The promise of platelets
Optimism persists despite RCT findings
by Jordana Bieze Foster
People are talking about platelet rich plasma . The nonsurgical therapeutic technique has been credited with a SuperBowl comeback, and it’s been criticized in one of the most-respected journals in the literature. Not surprisingly, some are wondering if it’s too good to be true.
The answer just might be that it’s too soon to know, according to Sean T. Grambart, DPM, who presented on the topic in February at the annual meeting of the American College of Foot and Ankle Surgeons.
“My feeling about PRP I would characterize as guarded optimism,” said Grambart, a foot and ankle surgeon at Carle Clinic Associates in Champaign, IL, and a clinical instructor at the University of Illinois School of Medicine. “We don’t have a lot of high level studies. Right now the evidence is mostly anecdotal.”
Platelet rich plasma, fortified with platelets extracted from whole blood using basic cell separation techniques, is believed to promote healing of bone, cartilage, nerves and soft tissues.
Pittsburgh Steelers wide receiver Hines Ward is a believer. In January 2009, he sprained the medial collateral ligament in his right knee—an injury that was predicted to sideline him for at least four weeks. But Ward received a PRP injection the day after his injury, supplemented it with hyperbaric oxygen therapy and rigorous rehabilitation, and two weeks later caught two passes in the Steelers’ Super Bowl victory over the Arizona Cardinals.
But so far, randomized controlled trials to support the anecdotal evidence has been hard to come by. In the case of chronic Achilles tendinopathy, in fact, the findings of a January RCT published in the Journal of the American Medical Association found no significant effect of PRP on pain and activity compared to a saline injection.
The JAMA study, conducted by researchers from Erasmus University Medical Center in Rotterdam, the Netherlands, compared 27 patients who received a single PRP injection with 27 patients who received a saline injection. All subjects performed one week of stretching and 12 weeks of daily eccentric exercises. No significant differences in outcome measures were seen at six, 12 or 24 weeks.
Grambart, who has done PRP on 15 patients with Achilles tendinopathy thus far, suspects that the subjects in the Dutch study were not as severely impaired as those he typically sees.
“The people I’m doing PRP on are people who have failed conservative treatment, so this is being done in lieu of going in and doing open debridement,” he said. “I have not opened up an Achilles tendinopathy patient for debridement in more than a year.”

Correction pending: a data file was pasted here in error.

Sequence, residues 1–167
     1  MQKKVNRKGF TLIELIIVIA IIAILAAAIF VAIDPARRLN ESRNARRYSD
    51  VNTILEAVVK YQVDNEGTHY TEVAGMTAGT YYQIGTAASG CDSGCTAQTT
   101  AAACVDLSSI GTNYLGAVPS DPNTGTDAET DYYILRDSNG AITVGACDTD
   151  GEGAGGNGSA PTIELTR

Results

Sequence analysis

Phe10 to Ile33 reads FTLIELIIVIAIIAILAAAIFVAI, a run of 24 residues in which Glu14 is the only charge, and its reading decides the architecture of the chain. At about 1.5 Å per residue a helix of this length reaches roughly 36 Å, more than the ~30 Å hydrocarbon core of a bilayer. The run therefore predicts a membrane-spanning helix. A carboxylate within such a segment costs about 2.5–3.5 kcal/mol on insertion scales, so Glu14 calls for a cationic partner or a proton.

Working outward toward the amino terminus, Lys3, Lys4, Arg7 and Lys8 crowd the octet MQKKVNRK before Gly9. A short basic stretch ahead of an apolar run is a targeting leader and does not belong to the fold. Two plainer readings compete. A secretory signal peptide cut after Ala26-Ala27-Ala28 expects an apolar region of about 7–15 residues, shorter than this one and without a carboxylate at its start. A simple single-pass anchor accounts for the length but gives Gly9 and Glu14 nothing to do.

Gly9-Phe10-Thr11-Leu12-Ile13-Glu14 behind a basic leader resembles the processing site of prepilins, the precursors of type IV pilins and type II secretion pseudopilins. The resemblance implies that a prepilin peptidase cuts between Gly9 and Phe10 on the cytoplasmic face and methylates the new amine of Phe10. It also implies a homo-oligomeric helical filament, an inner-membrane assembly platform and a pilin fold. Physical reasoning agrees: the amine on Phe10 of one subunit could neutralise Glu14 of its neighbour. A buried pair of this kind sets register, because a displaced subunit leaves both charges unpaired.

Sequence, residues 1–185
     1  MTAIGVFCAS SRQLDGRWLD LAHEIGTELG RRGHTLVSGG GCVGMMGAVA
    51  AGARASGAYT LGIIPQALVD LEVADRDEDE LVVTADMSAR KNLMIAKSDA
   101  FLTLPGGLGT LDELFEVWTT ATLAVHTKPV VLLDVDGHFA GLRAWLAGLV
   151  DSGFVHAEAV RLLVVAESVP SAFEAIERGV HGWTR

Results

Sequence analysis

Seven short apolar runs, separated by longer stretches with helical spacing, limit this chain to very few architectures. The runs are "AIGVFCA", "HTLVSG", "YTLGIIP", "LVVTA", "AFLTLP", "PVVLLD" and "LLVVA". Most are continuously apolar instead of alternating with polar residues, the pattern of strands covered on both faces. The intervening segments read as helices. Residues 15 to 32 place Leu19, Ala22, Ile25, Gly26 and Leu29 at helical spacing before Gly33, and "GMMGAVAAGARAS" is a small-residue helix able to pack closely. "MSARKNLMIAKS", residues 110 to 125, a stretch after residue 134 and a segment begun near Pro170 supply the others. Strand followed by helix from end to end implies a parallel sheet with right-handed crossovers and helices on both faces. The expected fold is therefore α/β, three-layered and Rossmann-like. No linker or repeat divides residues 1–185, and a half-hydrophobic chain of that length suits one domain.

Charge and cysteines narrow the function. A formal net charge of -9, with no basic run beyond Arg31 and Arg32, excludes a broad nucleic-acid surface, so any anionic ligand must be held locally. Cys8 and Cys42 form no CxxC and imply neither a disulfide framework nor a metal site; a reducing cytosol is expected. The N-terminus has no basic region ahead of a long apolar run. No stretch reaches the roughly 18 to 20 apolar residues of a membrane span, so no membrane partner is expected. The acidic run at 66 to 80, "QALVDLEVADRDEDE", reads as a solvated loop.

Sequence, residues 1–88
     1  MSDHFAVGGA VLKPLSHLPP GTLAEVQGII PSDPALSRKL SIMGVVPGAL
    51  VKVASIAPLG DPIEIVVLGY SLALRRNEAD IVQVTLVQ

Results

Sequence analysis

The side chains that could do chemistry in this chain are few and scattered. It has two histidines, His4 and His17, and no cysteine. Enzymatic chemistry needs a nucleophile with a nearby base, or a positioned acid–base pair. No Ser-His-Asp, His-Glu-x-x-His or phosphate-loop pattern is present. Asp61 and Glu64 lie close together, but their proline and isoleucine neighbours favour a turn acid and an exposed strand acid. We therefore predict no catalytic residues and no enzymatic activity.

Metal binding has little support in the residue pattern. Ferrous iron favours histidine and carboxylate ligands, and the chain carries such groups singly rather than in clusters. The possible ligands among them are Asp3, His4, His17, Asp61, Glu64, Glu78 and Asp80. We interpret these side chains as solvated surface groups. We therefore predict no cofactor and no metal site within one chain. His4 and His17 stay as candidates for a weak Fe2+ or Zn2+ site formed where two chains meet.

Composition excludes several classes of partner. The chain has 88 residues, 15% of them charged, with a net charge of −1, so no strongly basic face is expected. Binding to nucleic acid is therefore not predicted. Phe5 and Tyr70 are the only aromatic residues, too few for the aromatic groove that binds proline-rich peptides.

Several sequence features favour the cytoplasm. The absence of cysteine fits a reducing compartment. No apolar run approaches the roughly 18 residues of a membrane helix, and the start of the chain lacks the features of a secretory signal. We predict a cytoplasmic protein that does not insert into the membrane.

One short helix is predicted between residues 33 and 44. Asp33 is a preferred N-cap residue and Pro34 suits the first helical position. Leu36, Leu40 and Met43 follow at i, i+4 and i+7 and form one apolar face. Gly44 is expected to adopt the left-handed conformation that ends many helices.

Grambart also has found that more than one injection may be needed. He tells patients they may need a series of three, but has yet to actually inject any patient more than twice.
“It takes four to six weeks to see an effect. At that point, if the patient is 40 to 50 percent better, I’ll do another injection,” he said.
In Grambart’s practice, PRP plays an even bigger role in treatment of plantar fasciosis, which he distinguishes from plantar fasciitis by the absence of inflammation accompanying the patient’s pain. As he injects, he tears the plantar fascia just slightly so that it will lengthen as it heals, then prescribes a boot to keep the fascia in neutral during activities and while sleeping.
In 89 plantar fasciosis cases so far, 85% of patients have returned to normal activities, 17% have required a second injection, and none have undergone an open procedure.
Grambart expects to see evidence in the literature in the next year and a half that will support these types of anecdotal results.
“I do truly think this is something that’s going to be here to stay,” he said.
Progress after Achilles tendon repair contrasts with rehabilitation protocol
Rehabilitation goals for patients recovering from Achilles tendon repair may be overly ambitious, according to research from the Western Pennsylvania Hospital.
Investigators reviewed 22 patients who underwent surgical repair of Achilles rupture during a two-year, eight-month period, and found that patients for the most part did not achieve rehabilitation goals within the time frame outlined in the hospital’s treatment protocol.